2.  Another interesting little thing I found is called Bach Rescue Remedy. They are stress relieving pastilles, and they are sort of like gummies.  They have a very mild citrus flavor, and you chew/suck two or three at a time.  They are homeopathic, made of flowers ( in Switzerland!), and apparently have no better efficacy than a placebo.  Well, I don’t know what to tell you, because I find they work really well–bring on the placebos! I generally chew a few when I feel wound tight as a spring.  And then, after about 20 or 30 minutes, I suddenly notice that I don’t feel wound quite so tightly.

3.  Much as I hate to admit it, going for a walk is hugely helpful (I prefer to doctor myself from the comfort of my own home).  Taking the dog tires us both out, and we both sleep better. Although I don’t think the dog has any anxiety.  She just likes to go for walks.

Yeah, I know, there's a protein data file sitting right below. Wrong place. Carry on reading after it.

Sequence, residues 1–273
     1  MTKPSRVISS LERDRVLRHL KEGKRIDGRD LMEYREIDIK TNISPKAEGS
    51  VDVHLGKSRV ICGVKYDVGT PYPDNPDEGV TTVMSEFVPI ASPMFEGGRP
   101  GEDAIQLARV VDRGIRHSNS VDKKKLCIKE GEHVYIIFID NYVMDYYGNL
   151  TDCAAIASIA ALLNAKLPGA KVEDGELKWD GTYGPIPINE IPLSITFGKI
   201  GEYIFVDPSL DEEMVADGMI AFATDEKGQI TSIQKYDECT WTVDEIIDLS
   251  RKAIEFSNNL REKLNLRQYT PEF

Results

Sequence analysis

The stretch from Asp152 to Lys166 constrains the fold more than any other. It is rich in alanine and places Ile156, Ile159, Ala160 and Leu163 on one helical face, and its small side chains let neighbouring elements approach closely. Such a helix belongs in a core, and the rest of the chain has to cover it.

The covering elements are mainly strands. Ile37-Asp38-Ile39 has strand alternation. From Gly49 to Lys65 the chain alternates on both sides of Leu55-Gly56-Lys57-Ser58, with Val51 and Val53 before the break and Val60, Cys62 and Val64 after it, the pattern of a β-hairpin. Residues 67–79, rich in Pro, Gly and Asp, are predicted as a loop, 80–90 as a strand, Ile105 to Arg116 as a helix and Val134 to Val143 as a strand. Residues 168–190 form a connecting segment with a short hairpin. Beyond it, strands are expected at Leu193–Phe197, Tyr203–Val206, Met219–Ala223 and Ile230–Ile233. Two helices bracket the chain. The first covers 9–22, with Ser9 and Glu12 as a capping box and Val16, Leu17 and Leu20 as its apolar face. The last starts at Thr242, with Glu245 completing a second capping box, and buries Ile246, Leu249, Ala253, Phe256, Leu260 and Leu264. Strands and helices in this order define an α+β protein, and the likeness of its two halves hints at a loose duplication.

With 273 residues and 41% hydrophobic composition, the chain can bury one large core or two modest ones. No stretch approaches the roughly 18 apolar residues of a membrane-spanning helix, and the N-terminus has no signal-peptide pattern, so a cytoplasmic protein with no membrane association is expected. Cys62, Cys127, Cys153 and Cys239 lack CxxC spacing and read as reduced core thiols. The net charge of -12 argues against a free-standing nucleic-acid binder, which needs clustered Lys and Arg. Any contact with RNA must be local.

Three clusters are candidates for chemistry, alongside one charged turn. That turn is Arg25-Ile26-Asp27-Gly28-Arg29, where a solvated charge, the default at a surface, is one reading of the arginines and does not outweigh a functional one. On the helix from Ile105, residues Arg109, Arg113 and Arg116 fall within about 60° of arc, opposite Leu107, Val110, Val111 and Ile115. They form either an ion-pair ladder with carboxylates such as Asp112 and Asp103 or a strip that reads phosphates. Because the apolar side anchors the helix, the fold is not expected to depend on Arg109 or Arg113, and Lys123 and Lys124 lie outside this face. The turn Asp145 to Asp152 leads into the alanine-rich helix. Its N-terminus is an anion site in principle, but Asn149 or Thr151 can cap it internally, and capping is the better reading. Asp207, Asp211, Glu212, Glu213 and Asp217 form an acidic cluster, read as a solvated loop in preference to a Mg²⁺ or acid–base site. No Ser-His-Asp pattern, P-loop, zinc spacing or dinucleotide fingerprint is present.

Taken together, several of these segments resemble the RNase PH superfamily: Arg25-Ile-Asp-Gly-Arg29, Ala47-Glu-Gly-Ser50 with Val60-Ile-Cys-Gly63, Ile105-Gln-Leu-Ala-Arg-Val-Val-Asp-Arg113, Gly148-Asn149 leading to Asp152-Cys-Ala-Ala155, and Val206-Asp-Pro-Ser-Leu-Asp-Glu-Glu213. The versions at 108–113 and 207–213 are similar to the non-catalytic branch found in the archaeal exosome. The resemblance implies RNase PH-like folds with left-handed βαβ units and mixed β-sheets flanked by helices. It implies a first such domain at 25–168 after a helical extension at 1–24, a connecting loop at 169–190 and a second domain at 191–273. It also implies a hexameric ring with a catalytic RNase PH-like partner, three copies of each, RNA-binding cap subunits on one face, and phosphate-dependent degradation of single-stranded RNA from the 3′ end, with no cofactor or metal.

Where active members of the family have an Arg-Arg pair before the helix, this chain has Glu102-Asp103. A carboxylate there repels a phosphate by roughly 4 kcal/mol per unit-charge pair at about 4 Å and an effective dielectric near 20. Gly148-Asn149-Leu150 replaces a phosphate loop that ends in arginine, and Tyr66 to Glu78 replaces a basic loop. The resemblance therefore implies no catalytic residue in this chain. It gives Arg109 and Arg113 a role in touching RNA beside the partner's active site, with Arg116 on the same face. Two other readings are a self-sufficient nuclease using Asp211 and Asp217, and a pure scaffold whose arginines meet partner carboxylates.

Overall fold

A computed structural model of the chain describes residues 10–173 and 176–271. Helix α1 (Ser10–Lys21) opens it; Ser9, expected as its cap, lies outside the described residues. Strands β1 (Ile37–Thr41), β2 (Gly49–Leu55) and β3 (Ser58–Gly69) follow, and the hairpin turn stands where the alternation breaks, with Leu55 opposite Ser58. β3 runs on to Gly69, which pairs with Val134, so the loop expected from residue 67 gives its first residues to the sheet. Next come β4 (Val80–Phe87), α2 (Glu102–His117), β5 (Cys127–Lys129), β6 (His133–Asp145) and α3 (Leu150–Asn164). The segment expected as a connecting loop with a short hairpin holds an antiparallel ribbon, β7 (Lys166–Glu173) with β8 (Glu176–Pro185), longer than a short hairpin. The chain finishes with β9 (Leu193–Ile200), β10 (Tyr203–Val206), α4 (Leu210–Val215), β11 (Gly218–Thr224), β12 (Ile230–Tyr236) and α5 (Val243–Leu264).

4.  Finally, if worse comes to worst, sit outside, look at the full moon (which always aggravates my anxiety issues–the moon, not the sitting), and open a bottle of wine. And maybe put on some music (see above).

How to Stay on Your Diet

Dolce & Gabbana has this ad campaign for Spring 2012 that makes me happy (and I seriously covet the dress the matriarch on the far left is wearing in the top photo).  It looks like some outrageously good-looking Italian family hanging out on the shores of Lake Como, going to church, yelling at their kids, loving their kids, eating and drinking wine outside (absolutely one of my favorite pastimes), and even (get this) including elderly people in the photos.  In general they are living the good life.   I just look at these pictures and hey–sign me up!  I want to look fabulous and dignified and attractive (while drinking wine outside?).  So every time I want to put something like, say, a Cheet-o  (or a fun-size Hershey bar, perhaps?)  in my mouth, I will look at these pictures instead.